At the recent 7th DSM Health Academy in Tokyo, attended by NutraIngredients-Asia, the company announced its partnership with Japan's Kyojunokai Group (KJK), a top rehabilitation hospital group that provides rehabilitation for patients in recovery, and works to tackle the shortage of rehabilitation hospitals in the country.
As one of the four organisations that comprise the Kamachi Group — a medical consortium that manages hospitals, schools and clinics — KJK runs 14 hospitals in Japan's Kanto and Kyushu regions, as well as the Yamaguchi prefecture.
The partnership, which has already begun, is being managed via DSM Japan KK, a local entity of Royal DSM.
Yuji Nakahara, president of DSM Japan, told NutraIngredients-Asia: "DSM hopes to build a business model that can visualise the individual's health status and produce nutritional suggestions suitable for each person, in order to realise a healthy longevity in Japanese society.
"KJK is the largest rehabilitation hospital group in Japan. Due to its scale and advanced nature, we judged it to be the ideal partner with which to develop a new type of nutrition programme — based on our knowledge in the field of nutrition and KJK's big data on rehabilitation — and proposed the joint project."
Under this arrangement, DSM and KJK are developing healthcare services consisting mainly of personalised advice on diet, exercise and nutrition for individual patients.
Combining nutritional knowledge and data provided by DSM with medical treatment from KJK, the companies will offer patients nutritional information and solutions to aid in early recovery.
Other details such as the target age group and type of patients, Nakahara said, would be determined further into the project's progress.
A pilot service is set to begin in Q1 2019, which DSM and KJK will launch commercially in 2019 at the latter's flagship hospital, Harajuku Rehabilitation Hospital.
Japan has the world's oldest population: according to the government's Annual Report on the Ageing Society, 27.7% of the country's population was aged 65 and above in 2017, a figure expected to exceed 30% by 2025.
To compound matters, the number of working adults contributing to the medical expenses of the elderly in Japan is expected to dwindle in the near future, making it imperative to ensure lower medical expenses on the while.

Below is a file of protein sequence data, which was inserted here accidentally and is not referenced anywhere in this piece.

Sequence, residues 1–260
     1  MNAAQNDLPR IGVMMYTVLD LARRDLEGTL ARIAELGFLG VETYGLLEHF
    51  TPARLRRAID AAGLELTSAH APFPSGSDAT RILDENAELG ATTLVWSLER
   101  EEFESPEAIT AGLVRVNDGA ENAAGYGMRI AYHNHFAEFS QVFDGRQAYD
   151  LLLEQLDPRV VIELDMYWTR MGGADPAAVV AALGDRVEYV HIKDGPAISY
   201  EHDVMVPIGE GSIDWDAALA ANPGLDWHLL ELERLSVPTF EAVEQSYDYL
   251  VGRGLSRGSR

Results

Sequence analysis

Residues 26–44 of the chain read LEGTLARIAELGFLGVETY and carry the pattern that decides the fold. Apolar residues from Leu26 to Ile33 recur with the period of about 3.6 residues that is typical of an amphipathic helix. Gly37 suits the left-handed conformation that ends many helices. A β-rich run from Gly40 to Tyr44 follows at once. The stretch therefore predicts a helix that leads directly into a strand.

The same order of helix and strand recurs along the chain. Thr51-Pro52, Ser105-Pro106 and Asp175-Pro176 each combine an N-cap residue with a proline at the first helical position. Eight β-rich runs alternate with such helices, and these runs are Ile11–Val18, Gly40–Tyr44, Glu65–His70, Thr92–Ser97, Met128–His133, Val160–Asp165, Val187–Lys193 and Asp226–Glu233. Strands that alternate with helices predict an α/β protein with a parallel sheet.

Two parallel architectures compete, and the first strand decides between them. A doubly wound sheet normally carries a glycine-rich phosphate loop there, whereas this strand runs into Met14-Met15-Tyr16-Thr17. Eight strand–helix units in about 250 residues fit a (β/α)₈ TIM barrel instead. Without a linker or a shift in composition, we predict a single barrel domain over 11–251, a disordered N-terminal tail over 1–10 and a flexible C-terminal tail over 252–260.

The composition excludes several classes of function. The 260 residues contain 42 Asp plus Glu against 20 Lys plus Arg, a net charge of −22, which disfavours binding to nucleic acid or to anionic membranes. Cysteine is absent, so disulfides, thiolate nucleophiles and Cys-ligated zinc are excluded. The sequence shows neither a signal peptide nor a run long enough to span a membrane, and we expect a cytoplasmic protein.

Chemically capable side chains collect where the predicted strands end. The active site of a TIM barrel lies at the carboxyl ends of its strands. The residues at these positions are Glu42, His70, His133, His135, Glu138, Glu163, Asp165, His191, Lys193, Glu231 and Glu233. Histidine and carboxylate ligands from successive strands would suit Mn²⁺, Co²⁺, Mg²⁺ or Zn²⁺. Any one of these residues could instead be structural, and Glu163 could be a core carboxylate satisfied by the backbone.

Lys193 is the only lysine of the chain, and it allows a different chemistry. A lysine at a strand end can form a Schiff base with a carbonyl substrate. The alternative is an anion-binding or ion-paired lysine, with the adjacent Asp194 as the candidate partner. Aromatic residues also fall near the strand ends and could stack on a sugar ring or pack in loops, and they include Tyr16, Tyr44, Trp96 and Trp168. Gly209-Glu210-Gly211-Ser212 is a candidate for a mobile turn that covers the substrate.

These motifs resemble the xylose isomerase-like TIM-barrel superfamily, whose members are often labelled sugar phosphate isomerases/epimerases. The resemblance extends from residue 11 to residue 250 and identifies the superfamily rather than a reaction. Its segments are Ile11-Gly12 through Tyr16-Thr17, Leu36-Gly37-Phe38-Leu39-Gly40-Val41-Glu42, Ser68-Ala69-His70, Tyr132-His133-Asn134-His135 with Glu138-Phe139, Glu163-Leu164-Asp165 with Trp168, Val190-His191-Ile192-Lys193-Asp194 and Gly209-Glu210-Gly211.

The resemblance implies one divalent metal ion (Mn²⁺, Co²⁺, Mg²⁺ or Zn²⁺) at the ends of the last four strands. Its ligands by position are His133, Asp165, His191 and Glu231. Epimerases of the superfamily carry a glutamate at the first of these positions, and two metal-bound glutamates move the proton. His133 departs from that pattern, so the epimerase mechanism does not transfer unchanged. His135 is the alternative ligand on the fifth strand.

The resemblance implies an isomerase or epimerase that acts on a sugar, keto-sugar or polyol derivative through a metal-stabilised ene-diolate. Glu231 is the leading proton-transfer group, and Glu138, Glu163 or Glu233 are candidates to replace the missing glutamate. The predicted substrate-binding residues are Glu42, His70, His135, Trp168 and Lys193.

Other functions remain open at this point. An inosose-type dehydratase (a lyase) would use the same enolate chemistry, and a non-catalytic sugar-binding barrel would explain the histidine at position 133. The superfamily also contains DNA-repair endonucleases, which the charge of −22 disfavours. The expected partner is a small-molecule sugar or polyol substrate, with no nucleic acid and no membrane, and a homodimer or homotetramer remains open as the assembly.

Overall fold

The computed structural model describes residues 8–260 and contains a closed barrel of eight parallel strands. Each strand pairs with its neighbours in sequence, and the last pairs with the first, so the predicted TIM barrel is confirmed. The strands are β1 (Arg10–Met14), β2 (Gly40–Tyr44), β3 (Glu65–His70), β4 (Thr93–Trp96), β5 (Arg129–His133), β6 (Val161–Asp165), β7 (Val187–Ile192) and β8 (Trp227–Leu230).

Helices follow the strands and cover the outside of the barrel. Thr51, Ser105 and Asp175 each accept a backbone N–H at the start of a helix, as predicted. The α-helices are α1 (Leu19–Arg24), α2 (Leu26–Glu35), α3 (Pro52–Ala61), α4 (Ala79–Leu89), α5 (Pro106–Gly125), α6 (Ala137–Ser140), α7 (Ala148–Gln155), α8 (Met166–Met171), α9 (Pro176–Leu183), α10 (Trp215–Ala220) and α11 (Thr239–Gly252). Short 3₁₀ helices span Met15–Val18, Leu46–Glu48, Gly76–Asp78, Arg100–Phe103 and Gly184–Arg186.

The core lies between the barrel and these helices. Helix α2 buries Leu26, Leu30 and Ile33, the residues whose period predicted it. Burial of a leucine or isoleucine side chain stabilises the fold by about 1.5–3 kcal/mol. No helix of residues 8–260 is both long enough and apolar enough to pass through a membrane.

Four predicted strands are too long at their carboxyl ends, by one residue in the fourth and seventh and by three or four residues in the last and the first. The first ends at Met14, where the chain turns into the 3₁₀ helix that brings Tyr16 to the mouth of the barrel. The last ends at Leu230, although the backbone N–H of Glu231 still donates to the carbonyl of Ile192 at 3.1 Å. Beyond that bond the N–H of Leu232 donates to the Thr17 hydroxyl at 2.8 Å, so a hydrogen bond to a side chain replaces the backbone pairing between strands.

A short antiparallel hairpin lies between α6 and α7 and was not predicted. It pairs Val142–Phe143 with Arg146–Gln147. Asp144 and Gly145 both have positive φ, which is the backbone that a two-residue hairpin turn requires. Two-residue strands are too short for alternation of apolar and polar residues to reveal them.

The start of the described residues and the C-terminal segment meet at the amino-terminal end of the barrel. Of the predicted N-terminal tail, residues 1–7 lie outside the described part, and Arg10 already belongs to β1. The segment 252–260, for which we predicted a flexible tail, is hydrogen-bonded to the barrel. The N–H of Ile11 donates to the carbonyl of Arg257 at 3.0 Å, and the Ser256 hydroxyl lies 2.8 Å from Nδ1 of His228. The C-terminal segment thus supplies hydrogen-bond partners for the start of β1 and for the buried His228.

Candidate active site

The partnership between DSM and KJK is therefore designed to increase the rate of early recovery and disease prevention by providing suitable nutritional information and solutions, as part of its wider goal to bring about a dignified and healthy old age for seniors in Japan.
To help them achieve this, the collaboration will look closely at specific conditions and diseases that most severely affect Japanese seniors in KJK hospitals.
Nakahara said, "A majority of the patients hospitalised in KJK rehabilitation hospitals are aiming for rehabilitation from cerebrovascular conditions such as cerebral infarction, orthopaedic problems such as femoral neck fractures, and disuse syndrome after aspiration pneumonia. For this reason, these diseases are considered to be part of our main focus, but further details will also be defined during the project."
He added that he hoped the nutritional rehabilitation would not only help with functional recovery, but also early recovery.
"Scientific data shows that vitamin D can help in the functional recovery of patients recovering from bone fractures, or prevent falls in the elderly as it helps with muscle strength. In addition to traditional rehabilitation for patients, early recovery of physical functions can be expected if a patient is placed on an appropriate nutrition support programme.
"In such a support programme, the necessary nutrition will be provided not only in the form of food served in the hospital, but also in the form of dietary supplements."